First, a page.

The Palestinians, Happiness, and the ‘Occupation’
It might sound frivolous to attempt to measure happiness. Still, for a Columbia University think tank and two respectable Canadian policy institutes, the measuring of happiness and the ranking of states by a happiness score is serious business.
Judging by the top and bottom countries on the list of 157 states for which scores were recorded, their findings seem plausible.
Finland, Denmark, Norway, Iceland, the Netherlands, Switzerland, Sweden, New Zealand, and Canada boast the highest happiness scores. The list ranks countries by positive characteristics like GDP per capita, the Human Development Index (the aggregate of economic, educational, and life expectancy data), and human freedom and democracy.
The same countries also rank lowest in characteristics universally judged to be adverse to human quality of life, such as crime rate, traffic accidents measured by death and injury, and suicide rate. (The widespread belief that Scandinavian countries suffer from high suicide rates is far from accurate.)
Nor do the states with the lowest happiness scores generate much surprise. Haiti, Botswana, Yemen, Rwanda, Tanzania, Afghanistan, the Central African Republic, and South Sudan are all known for their lack of democracy, rampant corruption, and very low levels of economic welfare. Most are also notable for their political instability, which — in the case of Syria, Yemen, Afghanistan, the Central African Republic, and South Sudan — can be characterized as long-term, full-scale civil wars.
It is not surprising, therefore, that the happiest countries are those people risk their lives to reach. The countries at the bottom are those that many flee in search of a better life elsewhere.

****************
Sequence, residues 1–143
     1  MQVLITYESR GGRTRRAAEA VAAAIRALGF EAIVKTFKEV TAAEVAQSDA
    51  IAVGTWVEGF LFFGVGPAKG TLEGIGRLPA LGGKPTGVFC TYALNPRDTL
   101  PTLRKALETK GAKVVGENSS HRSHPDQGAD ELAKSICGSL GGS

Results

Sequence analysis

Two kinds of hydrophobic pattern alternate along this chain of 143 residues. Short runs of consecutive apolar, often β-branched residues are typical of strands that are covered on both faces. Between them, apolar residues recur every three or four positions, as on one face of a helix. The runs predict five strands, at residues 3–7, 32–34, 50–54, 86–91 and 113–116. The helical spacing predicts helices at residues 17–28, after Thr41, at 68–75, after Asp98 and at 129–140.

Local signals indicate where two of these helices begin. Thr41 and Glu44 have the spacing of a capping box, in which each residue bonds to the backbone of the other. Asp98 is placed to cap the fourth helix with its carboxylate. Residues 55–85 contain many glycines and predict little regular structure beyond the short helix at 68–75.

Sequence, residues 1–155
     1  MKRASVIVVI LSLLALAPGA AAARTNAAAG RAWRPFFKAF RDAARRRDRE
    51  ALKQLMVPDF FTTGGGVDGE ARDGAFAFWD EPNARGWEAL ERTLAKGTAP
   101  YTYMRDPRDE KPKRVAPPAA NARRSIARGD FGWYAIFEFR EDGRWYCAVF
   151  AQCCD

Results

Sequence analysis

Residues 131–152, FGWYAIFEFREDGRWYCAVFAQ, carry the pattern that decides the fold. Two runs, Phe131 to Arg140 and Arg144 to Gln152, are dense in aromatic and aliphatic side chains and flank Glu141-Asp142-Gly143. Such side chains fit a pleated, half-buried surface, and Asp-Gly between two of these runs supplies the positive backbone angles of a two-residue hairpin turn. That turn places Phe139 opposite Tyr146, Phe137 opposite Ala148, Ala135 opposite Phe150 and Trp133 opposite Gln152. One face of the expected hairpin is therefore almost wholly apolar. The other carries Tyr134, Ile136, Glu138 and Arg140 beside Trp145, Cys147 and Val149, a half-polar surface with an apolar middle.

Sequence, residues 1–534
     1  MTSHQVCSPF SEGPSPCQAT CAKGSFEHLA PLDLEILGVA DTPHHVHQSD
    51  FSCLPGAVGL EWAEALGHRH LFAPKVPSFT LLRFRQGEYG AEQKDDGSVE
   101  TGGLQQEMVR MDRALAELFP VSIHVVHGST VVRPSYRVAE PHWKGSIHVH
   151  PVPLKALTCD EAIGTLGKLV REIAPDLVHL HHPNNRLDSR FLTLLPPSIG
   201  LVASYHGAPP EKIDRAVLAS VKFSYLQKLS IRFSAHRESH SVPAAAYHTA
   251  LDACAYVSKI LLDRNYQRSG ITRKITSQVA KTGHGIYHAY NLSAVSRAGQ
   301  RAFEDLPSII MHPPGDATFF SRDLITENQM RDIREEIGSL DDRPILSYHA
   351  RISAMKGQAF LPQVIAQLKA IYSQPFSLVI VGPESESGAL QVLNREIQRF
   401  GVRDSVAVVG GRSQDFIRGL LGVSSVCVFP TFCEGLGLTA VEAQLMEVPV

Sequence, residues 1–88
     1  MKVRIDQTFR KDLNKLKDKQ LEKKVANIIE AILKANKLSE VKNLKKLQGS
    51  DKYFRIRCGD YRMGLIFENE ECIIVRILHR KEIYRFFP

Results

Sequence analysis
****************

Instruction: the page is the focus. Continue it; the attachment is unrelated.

What is striking is the ranking for “the Palestinian Territories” in comparison to other countries. With a score of 4.7, it is 111th out of 157.
An academic study found that 60 percent of United Nations General Assembly (UNGA) resolutions condemning the behavior of states toward either their own or other populations were addressed to Israel — in a world in which well over half the world’s population (nearly four billion people) lives in despotic states. This includes North Korea, where the regime has been brutally terrorizing its 25 million citizens for over 70 years.
Were Israel as vile as that UNGA record suggests, one might reasonably expect that the “Palestinian Territories” would be at the bottom of the list, along with Yemen, Afghanistan, and Sudan. The essential error is that the “Territories,” which are supposedly under “occupation,” exist in reality under two separate despotic regimes, neither of which is Israeli: the Palestinian Authority under Mahmoud Abbas, and Gaza under Hamas.
Even acknowledging that reality, one might anticipate that Palestinian happiness under those despotic regimes would place them at the bottom of the list. But there appears to be more relative happiness among the population of the Territories than in an assortment of Middle Eastern states, some of which are among the most vociferous in their condemnation of Israel’s “occupation” of the Palestinians. Energy-rich Iran, for example, ranks seven slots lower on the happiness index than the Palestinian territories.